COVID CARE for the Long Haul
The new Post-COVID CARE Program at Saint Barnabas Medical Center offers individualized care for those experiencing lingering coronavirus symptoms.
COVID-19 is a novel and complex virus, so we are just learning about its long-term ramifications. Many of those who have been diagnosed make a full recovery, but others, known as COVID-19 “long-haulers,” suffer from lingering side effects that can impact their heart, their lungs and/or their minds and behaviors.
So, Saint Barnabas Medical Center has developed the Post-COVID Comprehensive Assessment, Recovery and Evaluation (CARE) Program as a way to assist those who are still suffering weeks or months after their diagnosis. Vanessa Trespalacios, M.D., an RWJBarnabas Health Medical Group internal medicine physician and Post-COVID CARE medical director, along with her nurse navigator, Christina Davis, R.N., work with a multidisciplinary team of doctors at the program to bring unique, individualized treatment to aid patients in their recovery and help them get to the bottom of their symptoms.
Here, Dr. Trespalacios and Davis reveal more about the program, the common symptoms their patients are presenting with and what else you need to know.
When and how did the Post-COVID CARE Program come about?
VT: In August, Stephen P. Zieniewicz, FACHE, president and CEO of the Medical Center, wanted to create a treatment option for people with residual symptoms post COVID-19. He spoke with leadership in the RWJBarnabas Health Medical Group, who then reached out to me to lead the program. From there, I developed a clinical model, which is what was presented to the leadership panel.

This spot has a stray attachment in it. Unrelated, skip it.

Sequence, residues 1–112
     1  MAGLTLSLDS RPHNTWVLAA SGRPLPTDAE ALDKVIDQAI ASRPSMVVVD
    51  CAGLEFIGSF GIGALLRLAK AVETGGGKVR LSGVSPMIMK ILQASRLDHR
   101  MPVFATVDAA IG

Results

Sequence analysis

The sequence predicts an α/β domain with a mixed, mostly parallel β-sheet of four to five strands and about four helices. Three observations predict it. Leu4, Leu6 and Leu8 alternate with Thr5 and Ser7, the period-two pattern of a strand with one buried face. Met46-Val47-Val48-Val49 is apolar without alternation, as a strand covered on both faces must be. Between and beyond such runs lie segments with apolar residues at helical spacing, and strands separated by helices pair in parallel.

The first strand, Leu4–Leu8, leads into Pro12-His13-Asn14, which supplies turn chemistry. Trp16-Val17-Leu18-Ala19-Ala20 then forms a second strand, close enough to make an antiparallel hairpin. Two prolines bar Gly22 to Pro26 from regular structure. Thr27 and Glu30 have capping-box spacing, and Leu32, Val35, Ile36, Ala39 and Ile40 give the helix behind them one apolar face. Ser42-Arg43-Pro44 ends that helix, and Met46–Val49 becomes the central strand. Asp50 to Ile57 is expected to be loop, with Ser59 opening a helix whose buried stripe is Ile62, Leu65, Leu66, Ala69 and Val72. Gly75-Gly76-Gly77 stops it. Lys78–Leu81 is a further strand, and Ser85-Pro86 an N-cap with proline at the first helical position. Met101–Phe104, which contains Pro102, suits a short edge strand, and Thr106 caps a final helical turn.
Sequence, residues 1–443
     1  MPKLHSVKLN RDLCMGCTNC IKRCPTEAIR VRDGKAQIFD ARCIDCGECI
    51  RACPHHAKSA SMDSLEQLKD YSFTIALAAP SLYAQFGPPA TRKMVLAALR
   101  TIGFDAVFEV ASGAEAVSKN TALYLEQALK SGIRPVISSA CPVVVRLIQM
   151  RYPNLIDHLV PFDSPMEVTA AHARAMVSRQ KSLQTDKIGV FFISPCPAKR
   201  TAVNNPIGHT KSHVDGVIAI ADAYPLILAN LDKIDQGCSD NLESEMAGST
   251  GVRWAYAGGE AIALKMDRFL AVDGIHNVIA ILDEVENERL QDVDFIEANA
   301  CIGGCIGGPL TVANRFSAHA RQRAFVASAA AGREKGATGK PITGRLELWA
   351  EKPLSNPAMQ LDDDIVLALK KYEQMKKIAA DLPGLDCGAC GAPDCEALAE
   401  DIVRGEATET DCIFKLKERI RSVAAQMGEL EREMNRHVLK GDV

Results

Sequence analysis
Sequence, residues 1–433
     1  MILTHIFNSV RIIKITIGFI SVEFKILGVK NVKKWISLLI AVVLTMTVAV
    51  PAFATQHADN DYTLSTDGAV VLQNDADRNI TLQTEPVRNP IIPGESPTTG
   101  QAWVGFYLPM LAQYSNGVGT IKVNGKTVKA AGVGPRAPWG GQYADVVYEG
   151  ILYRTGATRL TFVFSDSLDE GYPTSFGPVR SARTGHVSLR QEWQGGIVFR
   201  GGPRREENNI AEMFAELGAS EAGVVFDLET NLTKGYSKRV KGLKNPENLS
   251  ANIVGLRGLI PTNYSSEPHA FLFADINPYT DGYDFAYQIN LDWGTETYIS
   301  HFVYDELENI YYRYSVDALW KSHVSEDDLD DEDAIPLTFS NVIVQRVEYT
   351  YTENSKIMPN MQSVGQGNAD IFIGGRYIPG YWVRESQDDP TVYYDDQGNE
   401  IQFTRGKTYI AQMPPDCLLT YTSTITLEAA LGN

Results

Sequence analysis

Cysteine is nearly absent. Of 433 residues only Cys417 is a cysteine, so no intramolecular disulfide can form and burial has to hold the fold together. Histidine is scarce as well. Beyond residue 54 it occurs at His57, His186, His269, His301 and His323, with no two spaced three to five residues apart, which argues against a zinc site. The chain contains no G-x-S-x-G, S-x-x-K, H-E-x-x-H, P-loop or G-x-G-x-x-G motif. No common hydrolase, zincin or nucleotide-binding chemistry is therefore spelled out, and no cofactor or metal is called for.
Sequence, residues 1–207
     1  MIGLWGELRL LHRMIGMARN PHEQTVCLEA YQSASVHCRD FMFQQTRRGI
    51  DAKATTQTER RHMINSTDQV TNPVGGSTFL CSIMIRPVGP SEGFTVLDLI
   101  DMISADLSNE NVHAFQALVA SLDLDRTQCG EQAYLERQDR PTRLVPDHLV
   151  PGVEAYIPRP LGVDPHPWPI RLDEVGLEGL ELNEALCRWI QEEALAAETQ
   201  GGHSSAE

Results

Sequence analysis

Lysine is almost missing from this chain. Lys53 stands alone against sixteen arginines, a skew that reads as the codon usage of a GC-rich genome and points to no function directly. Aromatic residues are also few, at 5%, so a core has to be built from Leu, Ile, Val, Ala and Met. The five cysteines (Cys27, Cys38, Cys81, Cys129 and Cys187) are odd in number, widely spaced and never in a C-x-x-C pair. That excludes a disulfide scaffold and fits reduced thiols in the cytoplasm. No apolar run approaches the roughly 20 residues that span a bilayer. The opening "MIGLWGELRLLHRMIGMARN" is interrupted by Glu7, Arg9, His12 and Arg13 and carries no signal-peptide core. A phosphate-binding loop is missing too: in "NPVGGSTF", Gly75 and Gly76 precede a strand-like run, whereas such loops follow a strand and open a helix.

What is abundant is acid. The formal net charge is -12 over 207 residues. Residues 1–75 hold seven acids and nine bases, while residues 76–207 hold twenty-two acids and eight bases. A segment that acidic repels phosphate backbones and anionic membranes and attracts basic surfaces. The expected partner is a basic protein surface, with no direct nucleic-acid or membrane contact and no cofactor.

Where are your physical offices located?
VT: Because it was a pilot program and we needed to have proof of concept, we started it out of my practice in the Barnabas Ambulatory Care Center (ACC), which some might consider a mini hospital. We don’t have overnight stays but we have subspecialists, physical therapy, radiology, a same-day surgical center, a pharmacy: This is a one-stop shop. We are in the process of identifying a space within the ACC so we can continue to expand the program.
What are the most common lingering symptoms you’re seeing in patients who come to the Post-COVID CARE Program?
VT: The number one lingering symptom is shortness of breath. Ninety percent of patients have some degree of shortness of breath, even if it’s not their main complaint. Second is cognitive, meaning memory loss, feeling like they are slower to react, having trouble finding the right words. I’ve had some patients with difficulty doing math that were proficient at it before. Patients have been calling it “brain fog.”
Are these symptoms typically the same across sex, age, etc.?
VT: These symptoms are across age and sex and even preexisting medical history. Even patients who formerly had no preexisting conditions [are still suffering] and have been unable to go back to work or resume exercise because of the degree of cognitive impairments or shortness of breath.